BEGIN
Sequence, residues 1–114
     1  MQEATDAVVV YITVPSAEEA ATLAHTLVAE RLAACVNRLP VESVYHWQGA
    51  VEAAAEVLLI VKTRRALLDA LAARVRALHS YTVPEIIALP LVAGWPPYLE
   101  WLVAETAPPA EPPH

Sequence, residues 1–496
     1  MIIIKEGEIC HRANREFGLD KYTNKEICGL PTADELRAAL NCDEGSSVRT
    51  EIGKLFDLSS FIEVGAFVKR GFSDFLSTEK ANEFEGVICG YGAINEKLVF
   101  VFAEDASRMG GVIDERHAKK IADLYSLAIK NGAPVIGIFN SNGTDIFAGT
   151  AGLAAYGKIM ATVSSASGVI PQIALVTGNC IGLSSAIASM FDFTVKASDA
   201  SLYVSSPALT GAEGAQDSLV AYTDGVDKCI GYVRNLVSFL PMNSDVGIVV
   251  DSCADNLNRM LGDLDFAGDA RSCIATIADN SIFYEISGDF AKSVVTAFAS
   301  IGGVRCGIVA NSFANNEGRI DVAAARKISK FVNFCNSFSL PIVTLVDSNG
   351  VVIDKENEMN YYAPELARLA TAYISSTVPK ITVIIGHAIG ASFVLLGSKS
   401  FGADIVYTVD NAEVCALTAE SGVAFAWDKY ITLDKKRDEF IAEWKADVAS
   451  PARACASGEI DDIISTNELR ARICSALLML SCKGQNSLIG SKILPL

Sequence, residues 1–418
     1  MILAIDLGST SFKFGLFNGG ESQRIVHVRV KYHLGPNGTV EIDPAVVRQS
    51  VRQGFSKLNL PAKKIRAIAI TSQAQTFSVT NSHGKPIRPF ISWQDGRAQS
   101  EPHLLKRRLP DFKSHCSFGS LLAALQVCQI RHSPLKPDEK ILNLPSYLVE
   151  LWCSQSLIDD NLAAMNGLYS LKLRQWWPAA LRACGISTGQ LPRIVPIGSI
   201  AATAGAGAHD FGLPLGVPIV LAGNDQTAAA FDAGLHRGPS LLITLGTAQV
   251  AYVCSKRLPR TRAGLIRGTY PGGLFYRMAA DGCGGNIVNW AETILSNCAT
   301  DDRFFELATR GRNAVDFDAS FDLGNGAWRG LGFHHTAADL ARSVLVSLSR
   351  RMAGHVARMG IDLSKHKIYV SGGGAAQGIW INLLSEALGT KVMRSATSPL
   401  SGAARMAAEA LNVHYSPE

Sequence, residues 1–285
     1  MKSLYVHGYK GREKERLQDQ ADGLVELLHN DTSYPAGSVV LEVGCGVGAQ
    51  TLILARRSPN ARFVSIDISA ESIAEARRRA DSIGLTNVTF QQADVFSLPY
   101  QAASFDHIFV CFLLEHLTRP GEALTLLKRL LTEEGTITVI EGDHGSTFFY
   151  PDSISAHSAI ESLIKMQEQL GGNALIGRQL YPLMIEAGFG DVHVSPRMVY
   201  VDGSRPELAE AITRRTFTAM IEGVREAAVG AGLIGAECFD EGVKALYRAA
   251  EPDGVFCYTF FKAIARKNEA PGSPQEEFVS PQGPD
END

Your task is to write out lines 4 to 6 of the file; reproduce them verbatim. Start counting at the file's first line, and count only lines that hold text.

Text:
   101  WLVAETAPPA EPPH

Sequence, residues 1–496
     1  MIIIKEGEIC HRANREFGLD KYTNKEICGL PTADELRAAL NCDEGSSVRT